PowerColor has introduced its Liquid Devil Radeon RX 7900 XTX graphics card equipped with a waterblock co-designed with EK. The board is designed for systems equipped with a custom liquid cooling system and promises to guarantee "ultimate overclockability."
PowerColor's Liquid Devil Radeon RX 7900 XTX 24GB uses the company's in-house designed printed circuit board (PCB) that features 14 layers, including a 2-oz power layer, and is equipped with a sophisticated voltage regulating module as well as three eight-pin auxiliary PCIe power connectors that can deliver up to 450W of power to the card. In addition, the board has two BIOS settings supporting enhanced performance: OC setting with more balanced energy consumption and Unleash mode supporting the highest clocks and higher total board power.
One of the interesting peculiarities of the Liquid Devil Radeon RX 7900 XTX is that its water block is a single slot wide, so it is significantly more compact than graphics cards equipped with double-wide or triple-wide air cooling systems. As an added bonus, the waterblock has addressable RGB LEDs. Meanwhile, the board bundles with EKWB's EK-Loop Leak Tester Flex and a small pump to safely test possible leaks of bespoke liquid cooling systems.
Liquid Devil is the brand that PowerColor uses to market its top-of-the-range graphics cards. For now, PowerColor does not disclose the specifications of its Liquid Devil Radeon RX 7900 XTX, and we can only guess its GPU clocks. However, it is safe to say that the board will be one of the fastest AMD Navi 31-based products on the market, making it one of the best graphics cards.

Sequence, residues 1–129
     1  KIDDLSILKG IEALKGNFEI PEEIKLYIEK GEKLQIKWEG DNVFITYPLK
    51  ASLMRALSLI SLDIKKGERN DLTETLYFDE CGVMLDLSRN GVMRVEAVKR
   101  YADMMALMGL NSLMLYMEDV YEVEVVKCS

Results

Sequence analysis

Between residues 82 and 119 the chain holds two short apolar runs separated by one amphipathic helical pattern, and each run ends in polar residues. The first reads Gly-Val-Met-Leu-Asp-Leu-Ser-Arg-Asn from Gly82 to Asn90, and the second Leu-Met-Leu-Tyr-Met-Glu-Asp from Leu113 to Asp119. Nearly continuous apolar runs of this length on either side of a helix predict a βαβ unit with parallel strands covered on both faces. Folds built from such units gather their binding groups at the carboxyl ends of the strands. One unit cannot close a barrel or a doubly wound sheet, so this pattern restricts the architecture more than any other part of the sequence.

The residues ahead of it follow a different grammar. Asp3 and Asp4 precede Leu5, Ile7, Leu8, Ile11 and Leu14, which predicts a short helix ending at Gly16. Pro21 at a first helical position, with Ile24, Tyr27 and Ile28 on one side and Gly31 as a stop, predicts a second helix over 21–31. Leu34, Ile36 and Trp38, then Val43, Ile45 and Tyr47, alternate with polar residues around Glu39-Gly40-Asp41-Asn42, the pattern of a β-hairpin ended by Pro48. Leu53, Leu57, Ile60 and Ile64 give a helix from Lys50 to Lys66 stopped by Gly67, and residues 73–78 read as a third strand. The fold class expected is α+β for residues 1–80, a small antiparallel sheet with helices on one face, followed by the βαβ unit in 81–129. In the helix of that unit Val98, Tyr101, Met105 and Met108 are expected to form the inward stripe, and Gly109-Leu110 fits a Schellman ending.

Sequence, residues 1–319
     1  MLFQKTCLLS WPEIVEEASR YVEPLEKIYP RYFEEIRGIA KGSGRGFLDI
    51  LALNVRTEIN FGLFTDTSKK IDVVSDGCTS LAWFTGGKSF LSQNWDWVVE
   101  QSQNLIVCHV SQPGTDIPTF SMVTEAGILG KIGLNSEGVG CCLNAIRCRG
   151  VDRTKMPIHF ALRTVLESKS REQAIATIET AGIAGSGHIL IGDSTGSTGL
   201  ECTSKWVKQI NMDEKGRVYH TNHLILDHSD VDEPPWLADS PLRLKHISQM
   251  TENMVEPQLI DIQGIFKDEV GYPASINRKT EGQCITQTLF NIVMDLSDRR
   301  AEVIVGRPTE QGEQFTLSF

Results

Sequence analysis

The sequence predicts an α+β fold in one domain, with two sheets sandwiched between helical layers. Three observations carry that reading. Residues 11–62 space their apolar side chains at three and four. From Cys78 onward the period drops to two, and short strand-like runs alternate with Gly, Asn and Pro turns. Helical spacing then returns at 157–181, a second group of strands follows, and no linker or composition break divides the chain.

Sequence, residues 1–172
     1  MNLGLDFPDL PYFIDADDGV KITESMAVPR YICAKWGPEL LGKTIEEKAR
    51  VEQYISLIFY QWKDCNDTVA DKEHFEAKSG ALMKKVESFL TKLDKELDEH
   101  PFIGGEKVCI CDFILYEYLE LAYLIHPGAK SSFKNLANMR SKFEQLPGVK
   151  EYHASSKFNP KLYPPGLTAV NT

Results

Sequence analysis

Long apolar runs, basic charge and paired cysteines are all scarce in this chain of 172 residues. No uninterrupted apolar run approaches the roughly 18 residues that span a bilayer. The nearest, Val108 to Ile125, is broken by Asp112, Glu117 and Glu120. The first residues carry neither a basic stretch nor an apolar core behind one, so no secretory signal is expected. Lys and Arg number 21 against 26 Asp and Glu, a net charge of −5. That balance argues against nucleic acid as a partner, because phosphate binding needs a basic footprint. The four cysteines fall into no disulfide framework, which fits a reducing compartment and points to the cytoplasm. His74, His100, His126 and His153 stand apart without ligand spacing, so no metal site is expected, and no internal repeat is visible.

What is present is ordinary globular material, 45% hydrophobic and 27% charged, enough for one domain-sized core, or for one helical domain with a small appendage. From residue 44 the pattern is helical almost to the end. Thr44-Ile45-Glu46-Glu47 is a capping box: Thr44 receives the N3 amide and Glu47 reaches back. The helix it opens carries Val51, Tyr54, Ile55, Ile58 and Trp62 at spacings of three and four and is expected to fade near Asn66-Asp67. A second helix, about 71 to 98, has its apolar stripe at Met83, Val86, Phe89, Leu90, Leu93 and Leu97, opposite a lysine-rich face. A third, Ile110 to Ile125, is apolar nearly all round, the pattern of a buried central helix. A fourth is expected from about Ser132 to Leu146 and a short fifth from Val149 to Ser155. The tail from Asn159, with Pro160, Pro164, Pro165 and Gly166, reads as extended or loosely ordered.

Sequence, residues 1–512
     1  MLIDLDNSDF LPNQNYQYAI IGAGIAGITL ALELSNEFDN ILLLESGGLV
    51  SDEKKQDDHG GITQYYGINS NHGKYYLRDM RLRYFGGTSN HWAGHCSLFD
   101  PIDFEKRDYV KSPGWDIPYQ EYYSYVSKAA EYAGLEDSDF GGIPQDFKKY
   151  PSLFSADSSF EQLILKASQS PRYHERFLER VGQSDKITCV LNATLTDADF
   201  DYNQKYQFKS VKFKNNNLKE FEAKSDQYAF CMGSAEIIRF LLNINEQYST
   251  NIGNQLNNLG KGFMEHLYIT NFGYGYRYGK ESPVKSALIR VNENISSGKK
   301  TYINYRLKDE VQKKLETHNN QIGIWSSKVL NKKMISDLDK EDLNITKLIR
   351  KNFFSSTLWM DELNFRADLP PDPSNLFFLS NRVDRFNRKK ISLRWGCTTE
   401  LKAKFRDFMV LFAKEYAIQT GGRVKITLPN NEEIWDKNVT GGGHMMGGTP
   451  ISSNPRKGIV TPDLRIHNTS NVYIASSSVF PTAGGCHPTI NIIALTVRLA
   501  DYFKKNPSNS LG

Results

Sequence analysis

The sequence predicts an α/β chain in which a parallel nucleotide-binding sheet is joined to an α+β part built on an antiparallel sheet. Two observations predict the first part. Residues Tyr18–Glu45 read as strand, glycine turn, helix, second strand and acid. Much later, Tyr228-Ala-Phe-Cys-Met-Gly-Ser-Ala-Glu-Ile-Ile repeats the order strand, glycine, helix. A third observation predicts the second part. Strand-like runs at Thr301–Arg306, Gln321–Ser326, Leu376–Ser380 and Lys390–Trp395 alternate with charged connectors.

What remains to be seen is how much PowerColor plans to charge for its range-topping Liquid Devil Radeon RX 7900 XTX graphics card. For obvious reasons, the product will cost more than a typical Radeon RX 7900 XTX as it uses a sophisticated PCB and, possibly, cherry-picked GPUs with enhanced overclocking potential. Yet, the exact price of the graphics adapter is unclear for now.
But deb8aur already dropped an EK water block on one. While it ran significantly cooler it didn't overclock worth squat.
I'm sure glad that they didn't use some stupidly vague terminology.
I'm not so sure that's the issue. AMD really locked down the power tables this gen. OC controls are still broken.